I’m really excited. This Tuesday, October 23rd, is this blog’s one year anniversary. I think so at least. Yeah, I’m not really sure. Instead of opening the blog with one post, like most bloggers do, I thought it would be a good idea to already have some posts on the site before the big unveil. So, I opened IronWhisk with five posts on it already. I played around with the dates so they didn’t all seem to be written on the same day.
I ended up with about a month of content before I even told anyone about the website. While that appeared to be a good idea at the time, I now realize that it was a pretty bad one. I don’t know when I baked the first post. I don’t know when I wrote the first post. I don’t know when I published the first post. All I know is when I first told someone about the site. That was on October 23rd, 2011. So that’s what I’m celebrating. Not the first post but the great unveil.
Not that the unveil was great, or anything. It was pretty much “food blog, click here” but it ended up being a big deal. It led to me doing something that I really enjoy. It led to me meeting, online and offline, great people that shared similar interests. It led to fifty two posts and counting. It led to lots of sugar consumption. It helped me transform not only my culinary skills but also my photography skills. It changed my first photo of a pile of sagging, deflated profiteroles to one of profiteroles that anyone would love to eat.
Improving my photography and baking skills were not the highlights of this year though. The conversations I’ve had with all of you, whether through blog posts, comments, emails, or tweets, were amazing. Your sense of humour and your kind words were simply amazing. I’m very grateful to have all of you follow this blog despite my awful sense of humour. I don’t think I would be able to do it. It means a lot to me. It really does.
I still remember the day when I got my first international visitor and my first subscriber. I was so excited. At that point the website had grown from just a circle of friends who came on to see me rant about elephants to a place where people came to search for recipes.
I remember the day when a reader sent me a photo of their version of my tromp d’oeil eggs. I remember them telling me how much they enjoyed them. It was an awesome feeling. A feeling that my previous blog, about carpet steam cleaning (don’t ask), could never give me.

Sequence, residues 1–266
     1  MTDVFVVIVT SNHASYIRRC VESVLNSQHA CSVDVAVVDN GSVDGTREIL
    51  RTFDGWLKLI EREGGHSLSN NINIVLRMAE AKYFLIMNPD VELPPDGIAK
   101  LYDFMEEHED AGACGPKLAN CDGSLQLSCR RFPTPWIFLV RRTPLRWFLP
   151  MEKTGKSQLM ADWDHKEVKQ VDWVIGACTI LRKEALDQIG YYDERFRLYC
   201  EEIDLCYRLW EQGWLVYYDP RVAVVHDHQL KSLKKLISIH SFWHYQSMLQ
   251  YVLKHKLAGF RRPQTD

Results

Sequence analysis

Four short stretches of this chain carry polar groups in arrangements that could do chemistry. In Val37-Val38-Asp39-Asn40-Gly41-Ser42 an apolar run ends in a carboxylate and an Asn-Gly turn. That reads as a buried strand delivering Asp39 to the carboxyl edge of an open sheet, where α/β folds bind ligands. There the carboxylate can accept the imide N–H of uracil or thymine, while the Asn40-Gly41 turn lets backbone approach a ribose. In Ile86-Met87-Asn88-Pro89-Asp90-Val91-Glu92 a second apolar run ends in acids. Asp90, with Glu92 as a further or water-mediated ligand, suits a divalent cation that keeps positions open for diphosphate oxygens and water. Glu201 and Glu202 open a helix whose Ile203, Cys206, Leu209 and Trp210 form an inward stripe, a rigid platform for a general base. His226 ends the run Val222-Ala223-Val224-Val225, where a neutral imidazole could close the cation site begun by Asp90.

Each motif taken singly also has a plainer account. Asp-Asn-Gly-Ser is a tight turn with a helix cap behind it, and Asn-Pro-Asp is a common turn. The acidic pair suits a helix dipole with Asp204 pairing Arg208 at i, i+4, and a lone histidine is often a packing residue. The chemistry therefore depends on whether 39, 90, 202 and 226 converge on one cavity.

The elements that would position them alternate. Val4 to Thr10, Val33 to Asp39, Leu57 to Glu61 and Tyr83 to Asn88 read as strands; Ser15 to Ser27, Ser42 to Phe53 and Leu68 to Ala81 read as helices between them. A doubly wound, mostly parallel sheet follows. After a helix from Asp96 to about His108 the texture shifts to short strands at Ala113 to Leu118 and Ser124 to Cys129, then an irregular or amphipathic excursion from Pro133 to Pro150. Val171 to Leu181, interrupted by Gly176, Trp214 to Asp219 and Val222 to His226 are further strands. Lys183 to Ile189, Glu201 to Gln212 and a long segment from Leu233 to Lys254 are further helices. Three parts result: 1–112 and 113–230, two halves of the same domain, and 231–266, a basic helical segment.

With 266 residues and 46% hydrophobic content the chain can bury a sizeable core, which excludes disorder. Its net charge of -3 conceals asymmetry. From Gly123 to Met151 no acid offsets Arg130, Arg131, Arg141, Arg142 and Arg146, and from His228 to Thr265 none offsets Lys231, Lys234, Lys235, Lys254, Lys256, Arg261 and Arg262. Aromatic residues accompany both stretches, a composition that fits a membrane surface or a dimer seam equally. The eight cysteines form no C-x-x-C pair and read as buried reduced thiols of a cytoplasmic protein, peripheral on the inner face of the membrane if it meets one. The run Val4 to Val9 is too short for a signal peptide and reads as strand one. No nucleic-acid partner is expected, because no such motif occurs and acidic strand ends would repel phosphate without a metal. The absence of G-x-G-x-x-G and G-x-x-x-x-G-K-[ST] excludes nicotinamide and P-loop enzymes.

This blog has transformed from a blank space on the web to our space full of sugar, laughs, and digressions. It has became a community of people who love sugar and awful jokes. A surprisingly large number of people. You would think that a savoury food blog would be more popular for corny jokes.
I’d like to thank all of you from the bottom of my heart for sticking around.
Whether or not it was because sugar is sticky.
- 6 apples, washed with soap (I prefer softer, sweeter varieties of apples but most recipes recommend harder, more sour ones. Use soap to remove any wax that may be on your apple. Not removing the wax may cause the candy to slide off.)
- 6 Popsicle sticks or branches, washed
- ½ cup (125ml) light corn syrup
- 2 cups (400g) sugar
- ¾ cup (190ml) water
- ½ teaspoon cinnamon
- ⅛ teaspoon nutmeg
- 10 drops red food colouring
- Remove the stems of the apples and stick a Popsicle stick or branch into each apple so that the stick is upright when the apple sits on a flat surface. Place the apples on a parchment paper lined baking sheet.
- Mix all ingredients in a medium saucepan. Cook over medium heat, stirring occasionally, until the mixture boils. Once the mixture boils do not stir anymore. Cook until the mixture reaches 295°F (measured with a candy thermometer) or until when a few drops of the candy dropped into cold water turn into threads that when bent will bend slightly and then crack. Obviously, it is much easier to make this recipe with a candy thermometer.
- Dip each apple at a 45° angle into the candy coating. Swirl each apple in the candy and then remove it and place it back onto the parchment paper lined baking sheet until the candy hardens, about twenty minutes.